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March 14, 2018

Personal Injury Cases for Children

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Posted in Wisconsin Workers Compensation Related News

When a child is injured in an accident caused by another party, their parent or legal guardian is allowed to pursue damages on the child’s behalf. These types of cases have unique factors that are different than personal injury cases that involve adults. This is one reason why parents should consider consulting with a personal injury attorney to handle the claim for them.

There are three factors that are different in accident cases for children than they are for adults:

The statute of limitation for injury cases for children is longer than it is for adults.

Every state has its own statute of limitations that a person has to file an injury claim. This is usually two to three years from the date of injury. Once the stature has expired, so does the opportunity for a victim to file a claim against the at-fault party.

If the victim is a minor child, however, the statute clock does not begin ticking until the child’s 18th birthday. This is because the law recognizes that there are cases where parents may choose not to file a lawsuit. However, the law also recognizes that the child should not lose their right to pursue damages because their parents chose not to file. There may be different rules for lawsuits that involve the government or for medical malpractice cases. An attorney can explain those details to you.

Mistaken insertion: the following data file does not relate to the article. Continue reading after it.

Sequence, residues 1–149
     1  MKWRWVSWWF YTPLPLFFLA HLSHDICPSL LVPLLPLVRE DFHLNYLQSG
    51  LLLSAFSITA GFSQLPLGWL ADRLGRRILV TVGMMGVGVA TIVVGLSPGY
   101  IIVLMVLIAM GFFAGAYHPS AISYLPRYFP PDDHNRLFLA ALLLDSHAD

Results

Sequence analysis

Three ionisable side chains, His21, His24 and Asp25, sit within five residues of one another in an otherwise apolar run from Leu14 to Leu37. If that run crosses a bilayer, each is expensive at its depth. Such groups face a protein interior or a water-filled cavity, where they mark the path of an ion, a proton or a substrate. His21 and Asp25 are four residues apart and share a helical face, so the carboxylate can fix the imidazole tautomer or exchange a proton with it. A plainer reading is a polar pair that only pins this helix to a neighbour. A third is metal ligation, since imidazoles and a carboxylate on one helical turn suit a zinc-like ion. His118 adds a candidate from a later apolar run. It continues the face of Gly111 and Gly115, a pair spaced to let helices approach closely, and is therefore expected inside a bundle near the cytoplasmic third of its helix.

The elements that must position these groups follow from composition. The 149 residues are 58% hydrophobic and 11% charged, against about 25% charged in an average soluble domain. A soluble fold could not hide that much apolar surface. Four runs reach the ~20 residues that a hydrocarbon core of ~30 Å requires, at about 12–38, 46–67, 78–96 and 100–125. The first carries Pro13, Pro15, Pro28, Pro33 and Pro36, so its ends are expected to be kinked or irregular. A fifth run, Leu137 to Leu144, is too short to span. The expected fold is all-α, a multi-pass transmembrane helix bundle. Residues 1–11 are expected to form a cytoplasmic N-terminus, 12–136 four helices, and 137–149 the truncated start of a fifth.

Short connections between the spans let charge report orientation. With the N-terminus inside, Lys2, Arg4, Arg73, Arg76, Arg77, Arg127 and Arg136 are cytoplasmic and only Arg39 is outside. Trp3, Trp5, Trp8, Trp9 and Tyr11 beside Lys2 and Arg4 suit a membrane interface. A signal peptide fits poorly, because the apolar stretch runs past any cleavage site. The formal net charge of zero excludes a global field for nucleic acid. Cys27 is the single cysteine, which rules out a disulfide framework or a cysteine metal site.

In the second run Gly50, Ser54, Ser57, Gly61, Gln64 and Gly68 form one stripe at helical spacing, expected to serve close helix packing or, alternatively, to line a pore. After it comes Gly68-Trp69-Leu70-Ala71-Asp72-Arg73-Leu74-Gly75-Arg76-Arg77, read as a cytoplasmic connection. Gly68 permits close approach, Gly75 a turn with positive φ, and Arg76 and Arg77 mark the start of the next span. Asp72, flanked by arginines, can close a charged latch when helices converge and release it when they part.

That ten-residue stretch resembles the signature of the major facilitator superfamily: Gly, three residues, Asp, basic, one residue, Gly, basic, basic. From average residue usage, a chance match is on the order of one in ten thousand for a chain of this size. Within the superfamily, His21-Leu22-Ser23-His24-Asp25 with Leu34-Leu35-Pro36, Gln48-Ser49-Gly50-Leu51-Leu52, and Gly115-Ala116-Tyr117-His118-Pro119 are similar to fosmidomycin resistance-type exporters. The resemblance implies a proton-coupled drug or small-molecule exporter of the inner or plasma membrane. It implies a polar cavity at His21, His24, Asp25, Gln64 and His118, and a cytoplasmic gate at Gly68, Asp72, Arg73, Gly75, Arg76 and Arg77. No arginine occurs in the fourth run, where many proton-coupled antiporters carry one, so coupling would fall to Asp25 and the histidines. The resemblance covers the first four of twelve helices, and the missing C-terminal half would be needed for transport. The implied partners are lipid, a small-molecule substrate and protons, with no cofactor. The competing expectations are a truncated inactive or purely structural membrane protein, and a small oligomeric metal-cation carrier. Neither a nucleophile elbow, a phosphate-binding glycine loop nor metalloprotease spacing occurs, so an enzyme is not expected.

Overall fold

There are different standards for children than there are for adults in the eyes of the law.

In every personal injury lawsuit, there is a doctrine referred to as the “standard of reasonableness” that is applied to every case. This standard asks whether or not the decisions that the victim made were legitimate under the circumstances they were in at the time of the accident. The standard of reasonableness for a child will depend on how old the child was when they were injured.

For example, an adult fails to look both ways while they are crossing a street and they are hit by a vehicle. A jury may find that the victim was partially negligent and that could reduce the amount of compensation they receive. A 6-year-old child is in the same type of accident, but the jury does not find the child partially negligent for not looking both ways because a “reasonable” 6-year-old would likely have gotten into the same type of accident. We don’t expect children at that age to be responsible enough to look both ways each time they cross the street like we do adults.

Any settlements awarded to children victims are protected by the courts

If parents decide to pursue a claim on behalf of their injured child, and there is a settlement awarded, the parents do not get the money. Instead, a guardian ad litem is appointed by the court who will oversee those funds and ensure the money is only used for the child’s benefit. The money can be used for medical expenses related to the injury, as long as the parents petition the courts to do so. Ordinary child care expenses are not covered unless the child has been left with permanent disabilities that require special care.

Once the child turns 18, then the money is released to them and there are no other restrictions.

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